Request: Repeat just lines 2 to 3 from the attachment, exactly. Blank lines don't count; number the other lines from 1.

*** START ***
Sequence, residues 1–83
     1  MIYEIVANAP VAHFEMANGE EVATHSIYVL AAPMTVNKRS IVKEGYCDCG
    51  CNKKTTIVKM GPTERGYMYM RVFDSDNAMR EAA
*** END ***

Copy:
     1  MIYEIVANAP VAHFEMANGE EVATHSIYVL AAPMTVNKRS IVKEGYCDCG
    51  CNKKTTIVKM GPTERGYMYM RVFDSDNAMR EAA